Berlin’s Gay Holocaust Almost There

The Nazi’s gay victims are getting all sorts of (much-needed) attention these days.

Last week we passed on word
that Tel Aviv will erect a memorial for the Holocaust’s homo targets. Now, after over a year of waiting, Berlin will soon unveil its constructive commemoration:

It takes the form of a gray concrete slab, with a window to allow visitors to view a video. It cost 600,000 euros (£450,000).

There will be two alternated videos which show either two men kissing or two women kissing.

Originally, the plan was for a video of just two men, but that proposal drew heavy criticism from people who claimed that lesbians were being excluded.

The memorial was developed at the southern edge of the Tiergaten after Danish-Norwegian artistic duo Michael Elmgreen and Ingar Dragset won the artistic competition.

Those of you interested in the horrors of gay life under the regime should check out I, Pierre Seel, Deported Homosexual, a Frenchman’s memoir of his experience in (and out) of concentration camps. It’s not for the faint of heart, but should be read by everyone.

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  • Leland Frances

    Thanks for the information about the memorial though the design itself is absurd, grotesque even, as it stands alone without the benefit of the emotional power that comes from the collected mass of the somewhat similar 2700 concrete slabs making up Berlin’s main Holocaust memorial. If anything, it suggests a concrete outhouse [NO pun intended]:,,1874641_4,00.jpg

    Here is a link to pictures of other gay memorials in Germany and other parts of the world. The concrete outhouse is not the first memorial in Berlin.

    San Francisco’s Pink Triangle Park:

    As for your source for this thread, while well-intentioned, is a poor one for information about gays during the Holocaust. In addition to the recent article misrepresenting the treatment of lesbians by the Nazis, they even contradict themselves from article to article, for example: how many gay men were affected and how. One article even claims that thousands of gay men were sent to the gas chambers which simply did not happen.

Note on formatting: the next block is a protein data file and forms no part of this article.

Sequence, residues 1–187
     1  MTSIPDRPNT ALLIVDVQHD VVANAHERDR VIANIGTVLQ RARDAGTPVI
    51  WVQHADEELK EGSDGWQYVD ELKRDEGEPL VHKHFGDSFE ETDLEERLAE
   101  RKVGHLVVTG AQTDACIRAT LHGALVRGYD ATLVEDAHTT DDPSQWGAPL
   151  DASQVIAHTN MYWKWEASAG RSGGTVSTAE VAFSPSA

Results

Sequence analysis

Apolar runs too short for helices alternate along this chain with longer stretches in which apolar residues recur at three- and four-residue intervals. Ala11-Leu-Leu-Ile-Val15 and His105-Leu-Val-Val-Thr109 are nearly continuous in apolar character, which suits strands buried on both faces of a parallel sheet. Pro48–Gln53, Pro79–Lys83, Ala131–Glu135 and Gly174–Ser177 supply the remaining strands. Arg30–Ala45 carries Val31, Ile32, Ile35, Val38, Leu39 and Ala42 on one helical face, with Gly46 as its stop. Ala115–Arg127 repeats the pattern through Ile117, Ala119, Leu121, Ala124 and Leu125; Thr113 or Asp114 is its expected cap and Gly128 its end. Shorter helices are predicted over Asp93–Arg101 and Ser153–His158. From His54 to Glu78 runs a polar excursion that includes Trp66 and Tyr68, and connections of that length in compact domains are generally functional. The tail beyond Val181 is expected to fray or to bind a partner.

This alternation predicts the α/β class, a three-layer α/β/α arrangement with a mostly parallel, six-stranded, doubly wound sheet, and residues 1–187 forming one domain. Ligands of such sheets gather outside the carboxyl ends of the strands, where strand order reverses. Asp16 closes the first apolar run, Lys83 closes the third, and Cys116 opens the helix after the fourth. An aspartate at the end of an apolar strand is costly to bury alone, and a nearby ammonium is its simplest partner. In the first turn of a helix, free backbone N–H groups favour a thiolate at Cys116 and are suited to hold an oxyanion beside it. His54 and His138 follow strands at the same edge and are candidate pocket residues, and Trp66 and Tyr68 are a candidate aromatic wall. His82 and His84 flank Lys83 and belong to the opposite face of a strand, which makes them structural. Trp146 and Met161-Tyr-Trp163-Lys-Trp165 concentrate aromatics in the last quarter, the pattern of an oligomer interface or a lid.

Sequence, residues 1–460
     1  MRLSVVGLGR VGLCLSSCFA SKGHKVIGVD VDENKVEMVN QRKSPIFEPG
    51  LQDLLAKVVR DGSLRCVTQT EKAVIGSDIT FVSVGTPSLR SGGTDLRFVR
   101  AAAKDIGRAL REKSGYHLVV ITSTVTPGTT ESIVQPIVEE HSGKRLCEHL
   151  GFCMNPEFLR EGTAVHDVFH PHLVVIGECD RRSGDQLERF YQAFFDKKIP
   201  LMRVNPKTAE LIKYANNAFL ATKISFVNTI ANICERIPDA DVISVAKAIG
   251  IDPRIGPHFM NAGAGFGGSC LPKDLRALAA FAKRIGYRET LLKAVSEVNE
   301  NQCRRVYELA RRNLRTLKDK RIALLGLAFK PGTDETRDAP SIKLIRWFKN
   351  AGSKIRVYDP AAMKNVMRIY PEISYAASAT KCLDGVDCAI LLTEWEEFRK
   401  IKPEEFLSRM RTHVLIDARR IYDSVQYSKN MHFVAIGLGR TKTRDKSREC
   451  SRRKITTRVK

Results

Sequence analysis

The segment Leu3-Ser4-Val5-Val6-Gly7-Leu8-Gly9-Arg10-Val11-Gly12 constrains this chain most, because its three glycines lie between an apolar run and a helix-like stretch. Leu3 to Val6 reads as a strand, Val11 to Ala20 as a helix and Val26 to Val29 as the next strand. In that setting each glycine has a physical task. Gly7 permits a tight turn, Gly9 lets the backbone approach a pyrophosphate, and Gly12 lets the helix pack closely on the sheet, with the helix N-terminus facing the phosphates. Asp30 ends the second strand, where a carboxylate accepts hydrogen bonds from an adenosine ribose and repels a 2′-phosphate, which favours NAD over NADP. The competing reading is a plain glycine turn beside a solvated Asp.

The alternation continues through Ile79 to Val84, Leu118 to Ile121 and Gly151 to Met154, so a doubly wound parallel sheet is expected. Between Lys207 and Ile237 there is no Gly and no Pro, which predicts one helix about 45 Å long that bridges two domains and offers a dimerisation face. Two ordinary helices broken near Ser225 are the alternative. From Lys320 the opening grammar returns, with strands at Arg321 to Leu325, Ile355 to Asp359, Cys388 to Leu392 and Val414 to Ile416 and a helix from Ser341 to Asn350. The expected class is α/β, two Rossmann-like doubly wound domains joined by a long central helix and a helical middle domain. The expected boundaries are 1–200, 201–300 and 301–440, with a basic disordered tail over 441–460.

The documentary “Paragraph 175” [by the makers of the “The Times of Harvey Milk,” “Common Threads,” and “The Celluloid Closet”] is required viewing, if a little too certain about all the statistics they quote. It’s most remarkable for its interviews with actual gay survivors of the time, including one lesbian.

    One of those interviewed, Gad Beck, has written about his own unique perspective in “An Underground Life-Memoirs Of A Gay Jew In Nazi Berlin.” Beck initially survived deportation because he was only half Jewish, and eventually joined at 18 and led an underground resistance group that helped hide Jews and others still in Berlin. I think he assumes with two little evidence that his teenage lover whom he nearly saved from the death camp was not really gay, but the story remains fascinating in any case. The US Holocaust Memorial Museum has an online exhibit about them at:

    The movie version of the play “Bent” is sadly, painfully awful, but it dramatizes many of the facts of the treatment of gay men in Germany and the camps, and is worth bearing at least once on DVD for that and seeing the luscious Clive Owen play gay in the role originated on Broadway by the not yet famous Richard Gere. His role had been originated in London by the not yet out Ian McKellen who appears in the film version as the character’s uncle.

    And, of course, Richard Plant’s history, “The Pink Triangle,” is the classic resource.

  • Guillermo Pineda

    I think that if we actually want to commemorate all of the gay men and women that died because of monstrous leaders we should ask for one in the Vatican City.

    Christianity is guilty of all crimes against gay men & women. Before that, gay love was thought as a virtuous characteristic of masculinity in Classic Greece.

    It was Christians who called gay people: sodomites. Afterwards, they killed them.

  • CitizenGeek

    But …. lesbians were not actively persecuted during the holocaust and there’s nothing to suggest that they were. The black patch many people claim was used to identify lesbians was actually just to denote sexual deviancy, so the -assumption- is that lesbians were murdered, too. But, like I said before, there’s really no proof that suggests lesbians were persecuted.

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